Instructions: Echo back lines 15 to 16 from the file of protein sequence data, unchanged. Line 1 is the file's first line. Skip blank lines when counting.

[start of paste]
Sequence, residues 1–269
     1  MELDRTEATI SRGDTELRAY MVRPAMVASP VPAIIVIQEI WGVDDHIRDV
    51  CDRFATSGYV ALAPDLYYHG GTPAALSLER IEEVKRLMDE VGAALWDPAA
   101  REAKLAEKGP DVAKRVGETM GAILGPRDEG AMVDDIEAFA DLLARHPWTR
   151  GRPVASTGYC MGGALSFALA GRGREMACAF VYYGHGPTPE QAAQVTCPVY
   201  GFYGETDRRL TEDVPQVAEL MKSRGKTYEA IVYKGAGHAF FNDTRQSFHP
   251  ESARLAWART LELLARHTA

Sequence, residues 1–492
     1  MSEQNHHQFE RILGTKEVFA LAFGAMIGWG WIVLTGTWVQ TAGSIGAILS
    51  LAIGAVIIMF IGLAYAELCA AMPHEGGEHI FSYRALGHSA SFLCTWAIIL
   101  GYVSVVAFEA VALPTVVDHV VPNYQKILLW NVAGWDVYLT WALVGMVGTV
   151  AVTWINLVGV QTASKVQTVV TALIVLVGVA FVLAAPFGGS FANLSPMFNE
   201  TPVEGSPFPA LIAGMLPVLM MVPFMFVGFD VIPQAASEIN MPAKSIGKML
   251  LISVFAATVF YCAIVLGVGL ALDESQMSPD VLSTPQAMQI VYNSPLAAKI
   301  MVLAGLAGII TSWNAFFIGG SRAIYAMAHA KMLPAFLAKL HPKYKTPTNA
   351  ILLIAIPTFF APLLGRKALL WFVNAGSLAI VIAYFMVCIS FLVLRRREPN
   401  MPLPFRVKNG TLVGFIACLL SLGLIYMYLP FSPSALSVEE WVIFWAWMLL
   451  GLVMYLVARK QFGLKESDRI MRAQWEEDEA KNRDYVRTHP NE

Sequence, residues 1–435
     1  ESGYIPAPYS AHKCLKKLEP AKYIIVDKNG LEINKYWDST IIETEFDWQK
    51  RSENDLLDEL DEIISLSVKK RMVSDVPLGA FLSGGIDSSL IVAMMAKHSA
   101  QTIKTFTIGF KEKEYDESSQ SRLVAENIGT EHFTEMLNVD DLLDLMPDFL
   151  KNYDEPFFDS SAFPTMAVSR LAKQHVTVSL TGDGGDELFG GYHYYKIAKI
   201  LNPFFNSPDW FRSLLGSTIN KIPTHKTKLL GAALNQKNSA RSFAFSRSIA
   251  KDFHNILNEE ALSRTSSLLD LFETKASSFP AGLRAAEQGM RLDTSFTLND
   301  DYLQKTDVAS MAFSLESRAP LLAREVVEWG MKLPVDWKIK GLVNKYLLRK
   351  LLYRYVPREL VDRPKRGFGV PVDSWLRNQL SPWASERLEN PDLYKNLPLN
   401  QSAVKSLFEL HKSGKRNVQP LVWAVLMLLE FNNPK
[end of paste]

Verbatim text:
   301  MVLAGLAGII TSWNAFFIGG SRAIYAMAHA KMLPAFLAKL HPKYKTPTNA
   351  ILLIAIPTFF APLLGRKALL WFVNAGSLAI VIAYFMVCIS FLVLRRREPN